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Pakistan Drone Strike: U.S. Mission Kills 8 Militants, Officials Say

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ISLAMABAD, Pakistan -- A drone strike in Pakistan's tribal areas killed eight suspected militants early Monday, Pakistani officials said, as the U.S. pushes ahead with the controversial drone program despite Pakistani demands to stop.

The strike was the seventh in less than two weeks and highlights the importance that Washington places on the drone program as a way to combat al-Qaida and Taliban fighters who use Pakistan as a base for attacks against American and NATO forces in Afghanistan.

In the most recent attack, three Pakistani intelligence officials say four missiles were fired at a suspected militant hideout in a village near the town of Mir Ali in North Waziristan early Monday morning.

North Waziristan is one of the tribal areas along the border with Afghanistan that has become a hub of militant activity.

The attack followed closely on the heels of another drone strike Sunday that killed 10 suspected militants. Two Pakistani intelligence officials say in that attack, four missiles were fired at targets in the village of Mana Raghzai in South Waziristan near the border with Afghanistan.

At the time of the attack, suspected militants were gathered to offer condolences to the brother of a militant commander killed during another drone strike Saturday.

The brother was one of those who died in the Sunday morning strike.

All the Pakistani officials spoke on condition of anonymity because they were not authorized to speak to the media.

The American drone campaign, which has accelerated under President Barack Obama, has become a source of deep frustration and tension between the U.S. and Pakistan.

Secretly, many Pakistani military commanders are believed to support the drone campaign. But among the Pakistani public, where the U.S. is viewed with mistrust, the drone strikes are considered an affront to the nation's sovereignty.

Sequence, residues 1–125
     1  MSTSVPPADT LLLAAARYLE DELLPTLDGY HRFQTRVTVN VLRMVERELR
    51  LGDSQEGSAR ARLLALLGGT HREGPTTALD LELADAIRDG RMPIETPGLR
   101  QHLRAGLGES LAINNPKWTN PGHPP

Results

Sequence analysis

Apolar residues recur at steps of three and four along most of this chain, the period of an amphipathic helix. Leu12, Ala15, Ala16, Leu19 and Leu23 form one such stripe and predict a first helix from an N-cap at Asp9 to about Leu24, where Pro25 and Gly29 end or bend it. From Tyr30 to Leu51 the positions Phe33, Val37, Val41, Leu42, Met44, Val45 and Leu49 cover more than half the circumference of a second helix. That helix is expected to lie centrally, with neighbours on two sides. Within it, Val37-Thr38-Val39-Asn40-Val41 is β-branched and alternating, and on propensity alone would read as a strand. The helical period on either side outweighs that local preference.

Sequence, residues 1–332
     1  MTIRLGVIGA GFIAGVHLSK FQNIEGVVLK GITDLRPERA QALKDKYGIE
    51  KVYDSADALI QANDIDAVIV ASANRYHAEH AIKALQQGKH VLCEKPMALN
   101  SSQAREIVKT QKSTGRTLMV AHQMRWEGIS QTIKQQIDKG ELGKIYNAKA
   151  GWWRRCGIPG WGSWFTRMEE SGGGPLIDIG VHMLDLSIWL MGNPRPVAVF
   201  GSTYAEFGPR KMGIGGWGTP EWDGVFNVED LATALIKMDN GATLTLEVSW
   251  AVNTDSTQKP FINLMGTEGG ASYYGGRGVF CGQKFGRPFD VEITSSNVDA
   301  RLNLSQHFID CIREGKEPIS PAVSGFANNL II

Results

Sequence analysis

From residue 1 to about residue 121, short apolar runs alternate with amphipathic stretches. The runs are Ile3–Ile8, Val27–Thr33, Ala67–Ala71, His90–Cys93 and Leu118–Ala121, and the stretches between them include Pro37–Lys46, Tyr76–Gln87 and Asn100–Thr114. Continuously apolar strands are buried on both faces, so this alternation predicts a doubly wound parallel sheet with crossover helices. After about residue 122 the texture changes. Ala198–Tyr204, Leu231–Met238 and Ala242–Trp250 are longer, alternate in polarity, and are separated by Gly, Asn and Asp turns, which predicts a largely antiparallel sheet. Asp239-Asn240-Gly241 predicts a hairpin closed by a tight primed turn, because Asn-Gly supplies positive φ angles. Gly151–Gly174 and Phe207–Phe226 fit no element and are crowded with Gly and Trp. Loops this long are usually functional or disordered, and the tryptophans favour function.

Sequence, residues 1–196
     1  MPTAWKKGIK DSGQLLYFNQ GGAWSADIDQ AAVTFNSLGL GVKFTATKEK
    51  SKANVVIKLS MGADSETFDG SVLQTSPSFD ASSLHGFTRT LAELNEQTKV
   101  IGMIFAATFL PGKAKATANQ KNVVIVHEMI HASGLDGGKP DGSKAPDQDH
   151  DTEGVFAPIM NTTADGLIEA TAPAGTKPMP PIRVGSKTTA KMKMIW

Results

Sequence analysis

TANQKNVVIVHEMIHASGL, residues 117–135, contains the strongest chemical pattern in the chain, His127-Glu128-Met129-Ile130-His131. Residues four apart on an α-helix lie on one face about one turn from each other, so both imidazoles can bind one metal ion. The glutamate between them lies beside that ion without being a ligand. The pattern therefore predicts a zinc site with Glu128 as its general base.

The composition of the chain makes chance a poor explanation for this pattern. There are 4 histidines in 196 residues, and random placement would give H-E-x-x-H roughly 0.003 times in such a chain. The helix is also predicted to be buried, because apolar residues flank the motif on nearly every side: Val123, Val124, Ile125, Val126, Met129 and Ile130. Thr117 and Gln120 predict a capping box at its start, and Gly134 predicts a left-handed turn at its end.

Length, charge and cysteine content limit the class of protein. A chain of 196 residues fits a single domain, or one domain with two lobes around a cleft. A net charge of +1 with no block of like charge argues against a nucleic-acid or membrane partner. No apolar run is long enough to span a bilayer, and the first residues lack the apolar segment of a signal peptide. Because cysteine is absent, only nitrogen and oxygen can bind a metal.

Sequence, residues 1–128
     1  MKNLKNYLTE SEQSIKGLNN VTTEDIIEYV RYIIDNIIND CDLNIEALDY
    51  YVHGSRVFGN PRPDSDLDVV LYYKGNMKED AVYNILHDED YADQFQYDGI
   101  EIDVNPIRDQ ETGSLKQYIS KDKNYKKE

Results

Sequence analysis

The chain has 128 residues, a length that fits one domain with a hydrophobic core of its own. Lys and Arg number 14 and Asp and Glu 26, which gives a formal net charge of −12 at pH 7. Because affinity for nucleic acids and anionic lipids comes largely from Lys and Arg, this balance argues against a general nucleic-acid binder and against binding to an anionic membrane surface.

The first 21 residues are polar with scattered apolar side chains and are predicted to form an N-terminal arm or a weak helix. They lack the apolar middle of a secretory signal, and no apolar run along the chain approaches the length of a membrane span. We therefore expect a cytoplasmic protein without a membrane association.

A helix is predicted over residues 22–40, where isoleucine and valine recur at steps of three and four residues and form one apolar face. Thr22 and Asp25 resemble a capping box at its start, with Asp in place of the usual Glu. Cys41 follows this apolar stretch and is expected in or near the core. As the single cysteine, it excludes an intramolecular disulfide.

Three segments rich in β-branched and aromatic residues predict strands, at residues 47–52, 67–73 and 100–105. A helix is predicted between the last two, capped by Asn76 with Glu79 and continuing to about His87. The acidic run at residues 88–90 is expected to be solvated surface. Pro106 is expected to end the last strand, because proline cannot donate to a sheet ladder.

The Pakistani government and parliament have repeatedly asked the U.S. to stop the strikes.

The ongoing attacks are also complicating efforts for the U.S. and Pakistan to come to an agreement over reopening the supply routes to NATO and American forces in Afghanistan. American airstrikes inadvertently killed 24 Pakistani soldiers in November, prompting Islamabad to block U.S. and NATO supply lines running through its territory.

Pakistan has demanded an apology over the raid and an end to drone strikes as a precursor to reopening the supply lines. But the U.S. has shown no intention of ending the attacks.

Also Sunday, gunmen killed four Shiite minority Muslims, a police officer and a bystander in a busy market of southwestern Pakistani city of Quetta, said police officer Abdul Wahid. He said police were investigating who could be behind the attack, but that it had a sectarian motive.

In the 1980s and 1990s, Pakistan became the scene of a proxy war between mostly Shiite Iran and Sunni Saudi Arabia, with both sides funneling money to sectarian groups that regularly targeted each other.

The level of sectarian violence has declined somewhat since then, but attacks continue. In recent years, Sunni attacks on Shiites have been far more common.

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Associated Press writer Ishtiaq Mahsud in Dera Ismail Khan, Abdul Sattar in Quetta, and Rasool Dawar in Peshawar contributed to this report.

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